By Josh Scherer | July 9, 2015
As beef prices continue to rise and McDonald’s hemorrhages profits, new players are jumping into the burger game.
Chipotle’s vegan tofu and chile Sofritas went national about a year ago, White Castle officially made its veggie sliders a permanent menu item in March, and Wendy’s is fresh off a single-city black-bean burger test run that was so successful it went viral.
The company, known for frozen vegetarian comfort foods such as burritos, pot pies, and macaroni and cheese, is set to open its first brick-and-mortar store, Amy’s Drive-Thru, later this year in Rohnert Park, California, about an hour north of San Francisco. Despite the company’s pedigree in the freezer aisle of the grocery store, microwaves won’t be found on the premises: Everything in the restaurant, even the burger buns, will be made from scratch.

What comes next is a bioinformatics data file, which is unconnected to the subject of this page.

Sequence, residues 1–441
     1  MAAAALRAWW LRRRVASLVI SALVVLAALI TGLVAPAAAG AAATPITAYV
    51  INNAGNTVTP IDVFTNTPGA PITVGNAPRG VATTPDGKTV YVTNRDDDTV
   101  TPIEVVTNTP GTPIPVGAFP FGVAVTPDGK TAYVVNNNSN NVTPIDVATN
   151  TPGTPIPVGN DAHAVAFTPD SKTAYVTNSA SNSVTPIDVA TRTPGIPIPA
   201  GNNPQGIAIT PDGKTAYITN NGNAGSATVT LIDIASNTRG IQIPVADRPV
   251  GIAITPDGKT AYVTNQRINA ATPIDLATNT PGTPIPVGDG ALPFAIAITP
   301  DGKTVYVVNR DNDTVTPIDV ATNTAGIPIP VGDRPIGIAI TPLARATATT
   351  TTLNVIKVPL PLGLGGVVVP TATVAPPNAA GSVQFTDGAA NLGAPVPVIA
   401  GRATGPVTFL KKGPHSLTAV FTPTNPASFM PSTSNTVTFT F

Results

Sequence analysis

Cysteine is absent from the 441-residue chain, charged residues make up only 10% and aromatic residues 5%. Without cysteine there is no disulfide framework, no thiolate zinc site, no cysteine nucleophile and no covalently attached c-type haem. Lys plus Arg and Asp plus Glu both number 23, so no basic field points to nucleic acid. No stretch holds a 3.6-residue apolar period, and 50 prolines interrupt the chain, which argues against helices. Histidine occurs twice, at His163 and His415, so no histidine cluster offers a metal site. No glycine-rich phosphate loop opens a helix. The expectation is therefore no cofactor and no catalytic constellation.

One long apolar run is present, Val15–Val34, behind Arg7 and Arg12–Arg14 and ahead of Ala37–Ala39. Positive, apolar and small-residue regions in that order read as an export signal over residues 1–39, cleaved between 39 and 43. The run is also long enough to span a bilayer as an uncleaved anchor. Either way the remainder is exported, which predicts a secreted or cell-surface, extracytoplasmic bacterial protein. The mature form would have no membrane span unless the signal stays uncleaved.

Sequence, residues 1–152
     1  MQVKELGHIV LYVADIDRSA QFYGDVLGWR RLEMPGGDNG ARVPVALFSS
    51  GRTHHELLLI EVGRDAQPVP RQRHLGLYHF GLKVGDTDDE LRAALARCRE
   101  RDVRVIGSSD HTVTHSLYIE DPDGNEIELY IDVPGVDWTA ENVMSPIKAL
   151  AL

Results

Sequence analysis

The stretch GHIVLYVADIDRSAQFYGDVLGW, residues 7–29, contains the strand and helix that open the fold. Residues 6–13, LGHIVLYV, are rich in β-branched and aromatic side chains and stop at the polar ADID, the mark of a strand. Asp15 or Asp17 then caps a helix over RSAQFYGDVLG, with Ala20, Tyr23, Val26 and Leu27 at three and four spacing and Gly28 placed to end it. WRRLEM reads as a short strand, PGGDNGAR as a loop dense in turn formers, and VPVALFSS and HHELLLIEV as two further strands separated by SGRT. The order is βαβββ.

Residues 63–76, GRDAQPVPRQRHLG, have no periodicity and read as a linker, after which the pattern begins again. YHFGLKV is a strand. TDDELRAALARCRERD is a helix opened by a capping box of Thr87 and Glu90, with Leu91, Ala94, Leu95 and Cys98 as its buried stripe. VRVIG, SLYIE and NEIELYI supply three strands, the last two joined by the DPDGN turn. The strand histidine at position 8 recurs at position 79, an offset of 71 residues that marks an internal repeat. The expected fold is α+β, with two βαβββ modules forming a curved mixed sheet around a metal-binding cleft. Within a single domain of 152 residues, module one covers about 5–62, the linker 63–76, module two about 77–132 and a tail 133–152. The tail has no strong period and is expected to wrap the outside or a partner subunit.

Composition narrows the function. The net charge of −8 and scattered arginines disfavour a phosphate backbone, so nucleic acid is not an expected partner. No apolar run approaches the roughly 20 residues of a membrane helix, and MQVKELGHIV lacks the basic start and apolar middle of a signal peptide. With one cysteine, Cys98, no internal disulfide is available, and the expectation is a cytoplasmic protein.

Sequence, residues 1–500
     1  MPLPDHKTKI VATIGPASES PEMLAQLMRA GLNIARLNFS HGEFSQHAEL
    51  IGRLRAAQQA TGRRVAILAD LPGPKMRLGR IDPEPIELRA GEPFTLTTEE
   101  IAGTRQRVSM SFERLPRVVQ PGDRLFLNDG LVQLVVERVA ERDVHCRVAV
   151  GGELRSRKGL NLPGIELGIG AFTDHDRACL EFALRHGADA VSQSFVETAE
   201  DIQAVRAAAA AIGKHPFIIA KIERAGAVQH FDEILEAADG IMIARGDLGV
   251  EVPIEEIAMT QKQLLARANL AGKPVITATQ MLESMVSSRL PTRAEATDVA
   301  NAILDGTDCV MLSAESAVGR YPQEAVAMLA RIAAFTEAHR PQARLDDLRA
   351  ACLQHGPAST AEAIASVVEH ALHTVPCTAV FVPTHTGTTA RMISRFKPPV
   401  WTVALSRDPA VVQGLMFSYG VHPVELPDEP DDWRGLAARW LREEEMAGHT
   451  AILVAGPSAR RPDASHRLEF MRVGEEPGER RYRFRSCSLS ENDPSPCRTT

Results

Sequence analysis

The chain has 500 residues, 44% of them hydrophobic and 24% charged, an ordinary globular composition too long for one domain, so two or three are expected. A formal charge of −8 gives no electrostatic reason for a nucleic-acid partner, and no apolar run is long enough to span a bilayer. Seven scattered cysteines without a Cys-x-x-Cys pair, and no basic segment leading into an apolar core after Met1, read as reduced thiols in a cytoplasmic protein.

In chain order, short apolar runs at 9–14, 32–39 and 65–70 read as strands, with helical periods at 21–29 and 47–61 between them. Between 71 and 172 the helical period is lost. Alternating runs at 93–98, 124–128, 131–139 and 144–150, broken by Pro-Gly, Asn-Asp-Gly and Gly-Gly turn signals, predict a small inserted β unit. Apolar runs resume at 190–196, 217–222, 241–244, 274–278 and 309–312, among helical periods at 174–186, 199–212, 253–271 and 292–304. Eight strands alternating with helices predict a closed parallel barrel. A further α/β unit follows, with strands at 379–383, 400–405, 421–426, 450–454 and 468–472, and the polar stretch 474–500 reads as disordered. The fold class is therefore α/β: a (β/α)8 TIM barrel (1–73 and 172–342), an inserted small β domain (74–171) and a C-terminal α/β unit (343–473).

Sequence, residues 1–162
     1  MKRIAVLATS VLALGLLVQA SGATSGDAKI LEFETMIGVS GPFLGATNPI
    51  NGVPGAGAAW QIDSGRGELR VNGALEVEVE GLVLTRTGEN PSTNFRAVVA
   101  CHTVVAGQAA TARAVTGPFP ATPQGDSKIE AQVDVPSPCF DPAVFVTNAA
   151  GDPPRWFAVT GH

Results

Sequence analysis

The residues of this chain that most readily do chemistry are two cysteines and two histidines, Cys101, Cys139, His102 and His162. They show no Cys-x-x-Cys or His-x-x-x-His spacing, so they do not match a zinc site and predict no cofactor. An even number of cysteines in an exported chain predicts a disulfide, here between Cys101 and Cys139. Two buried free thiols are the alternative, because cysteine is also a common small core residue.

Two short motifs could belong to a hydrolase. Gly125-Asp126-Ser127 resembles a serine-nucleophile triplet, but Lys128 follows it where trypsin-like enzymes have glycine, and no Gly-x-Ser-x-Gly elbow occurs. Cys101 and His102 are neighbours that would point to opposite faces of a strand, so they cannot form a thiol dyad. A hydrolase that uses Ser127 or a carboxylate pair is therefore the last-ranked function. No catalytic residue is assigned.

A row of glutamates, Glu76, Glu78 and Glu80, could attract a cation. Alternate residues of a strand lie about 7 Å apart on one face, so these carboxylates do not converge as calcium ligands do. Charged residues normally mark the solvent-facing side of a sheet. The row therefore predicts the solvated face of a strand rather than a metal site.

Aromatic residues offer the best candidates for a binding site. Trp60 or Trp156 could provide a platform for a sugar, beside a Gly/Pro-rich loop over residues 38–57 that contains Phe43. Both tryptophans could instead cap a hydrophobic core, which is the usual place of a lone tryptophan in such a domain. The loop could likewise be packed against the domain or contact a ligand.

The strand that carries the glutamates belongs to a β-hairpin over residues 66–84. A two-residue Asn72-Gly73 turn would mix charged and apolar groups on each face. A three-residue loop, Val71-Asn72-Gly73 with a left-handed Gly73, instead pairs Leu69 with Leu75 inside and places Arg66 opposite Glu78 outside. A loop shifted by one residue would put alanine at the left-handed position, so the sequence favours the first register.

So, Why Should You Care? “You’re reading more and more about people cleaning up their ingredients,” Amy’s Kitchen cofounder and co-CEO Andy Berliner said in an interview with Fast Company. “I think it’s happening because consumers are demanding it. It obviously has a long way to go—it’s not easy to change something that’s really big. But I think over time everything’s going to get better, and greener, and healthier.” Even as fast-food chains like McDonald’s and Taco Bell have been changing their menus for the better by taking out artificial colors and flavors, Amy’s Drive Thru represents the next step in actualizing the fast-food revolution.
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